Lisbon itself is easily one of Europe’s loveliest cities. Portugal’s charismatic capital sits atop seven steep hills – it’s a bit of a slog to get to the top but trust TNT when we say that you won’t regret the effort for a second (unless you forget your smartphone), as stunning vistas of Lisbon’s pretty pink and yellow tiled walls come as standard.
Seeing the sights from the back of a bus doesn’t cut it in Lisbon. Instead hop aboard one of the old fashioned trams: number 28 will take you to the colourful Feira da Ladra flea market (open Tuesdays and Saturdays) at Campo de Santa Clara. Alternatively, head west on number 15 to Belem for a culture fix. One of the jewels in Lisbon’s crown, this quaint neighbourhood is chock full of museums (the new Museum of Art and Technology (MAAT) opened on October 5) and maritime history (this is where the Spanish Armada assembled in 1588.)
But arguably Belem is best known for its freshly baked pastels de nata and the place to try these famous custard tarts is Pasteis de Belem (pasteisdebelem.pt) – this iconic pastry shop has been making them, right before patrons’ eyes, since 1837. Push past the tourists and nab a table in the shady courtyard – the perfect place to enjoy an excellent coffee and pastel de nata, in peace.
For more of Portugal’s famous cozinha portugesa, make for Mercado da Riberia (Avenida 24 de Julho) – a fabulous market which has the air of a permanent festival – and get stuck into sardines (the unofficial symbol of Lisbon) and Sao Jorge cheese, washed down with excellent local wines that are sold by the glass.
And don’t worry about the extra calories you’re consuming… you’ll burn them off climbing up to Sao Jorge Castle, a majestic Moorish castle. That said if you’re feeling lazy (well you are on your holidays, after all), sign up to an electric bike tour with Bikes and Company (www.bikescompany.tours/en/) who will help ensure you scale Lisbon’s seven hills with ease… Back in baixa (downtown), browse the old style cafes, boutiques and theatres in Chiado, a rejuvenated neighbourhood that’s currently the hottest corner of Portugal’s capital with buzzy new bars and chi chi boutiques opening every week.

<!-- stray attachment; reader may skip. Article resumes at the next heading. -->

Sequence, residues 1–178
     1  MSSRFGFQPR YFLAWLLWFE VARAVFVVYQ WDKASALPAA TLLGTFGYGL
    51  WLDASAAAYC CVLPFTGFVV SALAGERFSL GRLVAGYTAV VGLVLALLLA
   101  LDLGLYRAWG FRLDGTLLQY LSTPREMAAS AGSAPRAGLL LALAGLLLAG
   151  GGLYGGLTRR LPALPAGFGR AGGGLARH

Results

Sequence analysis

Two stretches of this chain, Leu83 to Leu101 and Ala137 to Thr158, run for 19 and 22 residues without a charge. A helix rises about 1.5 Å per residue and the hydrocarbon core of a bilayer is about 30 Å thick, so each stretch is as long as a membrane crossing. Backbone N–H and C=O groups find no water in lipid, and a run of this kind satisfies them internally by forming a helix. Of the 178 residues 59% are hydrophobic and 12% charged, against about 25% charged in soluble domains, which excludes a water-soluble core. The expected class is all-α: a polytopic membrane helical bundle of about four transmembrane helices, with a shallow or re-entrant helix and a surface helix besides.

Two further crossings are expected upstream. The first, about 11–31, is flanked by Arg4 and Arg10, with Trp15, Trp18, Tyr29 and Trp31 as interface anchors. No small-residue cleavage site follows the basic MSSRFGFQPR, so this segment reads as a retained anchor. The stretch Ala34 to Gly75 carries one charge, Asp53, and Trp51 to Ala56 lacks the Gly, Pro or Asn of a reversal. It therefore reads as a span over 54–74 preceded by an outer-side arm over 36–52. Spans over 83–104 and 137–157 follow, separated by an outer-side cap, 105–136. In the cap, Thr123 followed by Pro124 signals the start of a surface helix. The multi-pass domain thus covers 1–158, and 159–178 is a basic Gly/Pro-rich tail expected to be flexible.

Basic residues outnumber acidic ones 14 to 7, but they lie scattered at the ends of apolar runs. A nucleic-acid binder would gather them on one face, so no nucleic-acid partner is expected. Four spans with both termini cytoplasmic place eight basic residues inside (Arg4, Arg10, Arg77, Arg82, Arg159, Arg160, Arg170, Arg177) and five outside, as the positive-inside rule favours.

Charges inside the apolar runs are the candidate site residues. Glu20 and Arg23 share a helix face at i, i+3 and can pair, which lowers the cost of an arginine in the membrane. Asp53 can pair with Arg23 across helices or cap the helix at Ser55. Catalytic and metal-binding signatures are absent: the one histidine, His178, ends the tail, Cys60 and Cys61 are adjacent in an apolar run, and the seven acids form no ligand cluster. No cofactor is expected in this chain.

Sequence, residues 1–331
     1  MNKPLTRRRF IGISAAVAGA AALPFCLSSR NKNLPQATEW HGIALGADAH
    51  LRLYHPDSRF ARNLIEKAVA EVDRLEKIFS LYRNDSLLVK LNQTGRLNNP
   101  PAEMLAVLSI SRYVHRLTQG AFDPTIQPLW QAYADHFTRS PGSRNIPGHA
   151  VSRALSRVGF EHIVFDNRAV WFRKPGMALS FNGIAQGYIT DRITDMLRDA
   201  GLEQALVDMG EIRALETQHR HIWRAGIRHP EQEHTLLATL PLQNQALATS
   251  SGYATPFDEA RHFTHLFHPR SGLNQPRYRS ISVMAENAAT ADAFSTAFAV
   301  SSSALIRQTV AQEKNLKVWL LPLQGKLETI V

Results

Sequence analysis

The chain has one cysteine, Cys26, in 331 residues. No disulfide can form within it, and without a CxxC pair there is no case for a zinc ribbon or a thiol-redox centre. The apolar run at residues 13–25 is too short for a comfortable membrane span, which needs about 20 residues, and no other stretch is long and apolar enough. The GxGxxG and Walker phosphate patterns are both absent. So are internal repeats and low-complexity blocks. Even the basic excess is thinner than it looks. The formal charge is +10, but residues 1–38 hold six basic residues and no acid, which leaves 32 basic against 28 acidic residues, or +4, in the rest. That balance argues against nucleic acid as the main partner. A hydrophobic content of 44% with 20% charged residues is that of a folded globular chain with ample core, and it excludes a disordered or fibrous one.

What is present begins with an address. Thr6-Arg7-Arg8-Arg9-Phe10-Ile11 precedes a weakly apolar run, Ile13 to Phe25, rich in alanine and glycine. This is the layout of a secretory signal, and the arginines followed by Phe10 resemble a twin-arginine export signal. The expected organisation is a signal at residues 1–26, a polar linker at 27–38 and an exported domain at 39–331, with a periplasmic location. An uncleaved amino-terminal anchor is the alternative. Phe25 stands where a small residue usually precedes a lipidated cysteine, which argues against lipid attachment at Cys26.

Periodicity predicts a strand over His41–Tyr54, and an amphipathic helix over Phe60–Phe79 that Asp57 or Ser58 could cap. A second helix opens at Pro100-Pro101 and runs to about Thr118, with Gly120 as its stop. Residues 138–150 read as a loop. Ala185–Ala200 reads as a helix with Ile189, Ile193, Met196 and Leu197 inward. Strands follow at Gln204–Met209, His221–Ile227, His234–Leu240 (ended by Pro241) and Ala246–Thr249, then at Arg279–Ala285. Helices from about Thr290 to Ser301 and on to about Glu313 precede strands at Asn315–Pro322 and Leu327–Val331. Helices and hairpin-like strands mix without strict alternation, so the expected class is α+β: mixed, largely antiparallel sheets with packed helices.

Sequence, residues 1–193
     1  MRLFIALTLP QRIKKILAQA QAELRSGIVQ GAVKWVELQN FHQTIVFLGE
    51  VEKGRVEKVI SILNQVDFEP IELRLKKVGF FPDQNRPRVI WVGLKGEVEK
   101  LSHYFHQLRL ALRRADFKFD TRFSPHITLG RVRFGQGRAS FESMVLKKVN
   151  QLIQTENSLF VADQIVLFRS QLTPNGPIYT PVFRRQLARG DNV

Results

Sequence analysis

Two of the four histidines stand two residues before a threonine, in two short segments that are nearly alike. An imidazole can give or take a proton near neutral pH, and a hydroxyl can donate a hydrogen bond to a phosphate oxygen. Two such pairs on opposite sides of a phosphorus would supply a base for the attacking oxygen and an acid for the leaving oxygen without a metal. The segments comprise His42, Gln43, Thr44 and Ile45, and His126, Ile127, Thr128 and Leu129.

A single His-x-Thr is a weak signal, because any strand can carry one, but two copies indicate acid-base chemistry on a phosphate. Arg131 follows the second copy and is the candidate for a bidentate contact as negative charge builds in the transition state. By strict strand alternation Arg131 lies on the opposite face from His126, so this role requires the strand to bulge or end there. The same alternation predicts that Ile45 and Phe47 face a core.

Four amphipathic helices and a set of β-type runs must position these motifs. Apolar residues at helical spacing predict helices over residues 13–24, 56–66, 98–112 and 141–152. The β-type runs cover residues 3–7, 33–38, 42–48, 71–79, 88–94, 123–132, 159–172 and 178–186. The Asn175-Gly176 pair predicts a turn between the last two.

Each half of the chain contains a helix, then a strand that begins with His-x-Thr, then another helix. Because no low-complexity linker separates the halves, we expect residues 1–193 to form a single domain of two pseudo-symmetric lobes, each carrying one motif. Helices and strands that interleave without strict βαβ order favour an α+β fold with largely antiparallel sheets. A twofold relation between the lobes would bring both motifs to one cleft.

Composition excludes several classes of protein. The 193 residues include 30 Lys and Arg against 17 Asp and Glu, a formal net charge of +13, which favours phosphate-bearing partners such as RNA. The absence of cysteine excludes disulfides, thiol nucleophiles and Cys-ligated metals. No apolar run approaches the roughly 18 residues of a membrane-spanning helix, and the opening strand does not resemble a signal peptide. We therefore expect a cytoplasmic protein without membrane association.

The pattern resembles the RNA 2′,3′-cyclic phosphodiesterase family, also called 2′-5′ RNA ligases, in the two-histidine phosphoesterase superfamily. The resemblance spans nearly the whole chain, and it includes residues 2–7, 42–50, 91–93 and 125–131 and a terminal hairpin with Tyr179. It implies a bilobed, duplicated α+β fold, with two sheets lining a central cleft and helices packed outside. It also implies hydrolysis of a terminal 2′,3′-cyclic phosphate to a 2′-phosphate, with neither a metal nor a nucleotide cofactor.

Further afield Sintra – the fairytale city that inspired Lord Byron – makes a great day trip. But whenever you venture, the sound of Fado – Portugal’s famously melancholy folk music – pervades the air evoking a sense of saudade (something Portuguese writer Manuel de Melo described as “a pleasure you suffer, an ailment you enjoy”). Little wonder then, that Lisbon has attracted adventurers and explorers since time immemorial…
This explorer’s Lisbon base was Ana Rita’s apartment – high quality yet homely accommodation booked through Homestay (www.homestay.com/portugal/lisboa/89577-homestay-in-conde-redondo-lisboa), that’s just 20 minutes’ walk from the city centre.Homestay seems to have sussed out what 21st century travellers want: spacious rooms, airy communal spaces and super friendly hosts (before I even admitted that I didn’t know where to start, Ana Rita had drawn up her top tips on a tourist map) without splashing much cash.
As I sunk into my comfortable bed at Ana Rita’s for the final time, I had the feeling that everything was right with the world – even though everything is wrong.So there you have it… why spend weekend after weekend in grey, drizzly Britain at this time of year when Madrid and Lisbon are buzzing and that ‘summer holiday’ feeling is still in the air….
Getting thereKaye flew from London Gatwick to Madrid with Norwegian airlines (flights from £100). Train fares from Madrid to Lisbon with Voyages SNCF start at £68 one way, with accommodation in a four berth couchette. All fares are per person and subject to availability. For bookings visit www.voyages-sncf-.com. Direct flights to London from Lisbon take around 2.5 hours with easyJet.
Words: Kaye Holland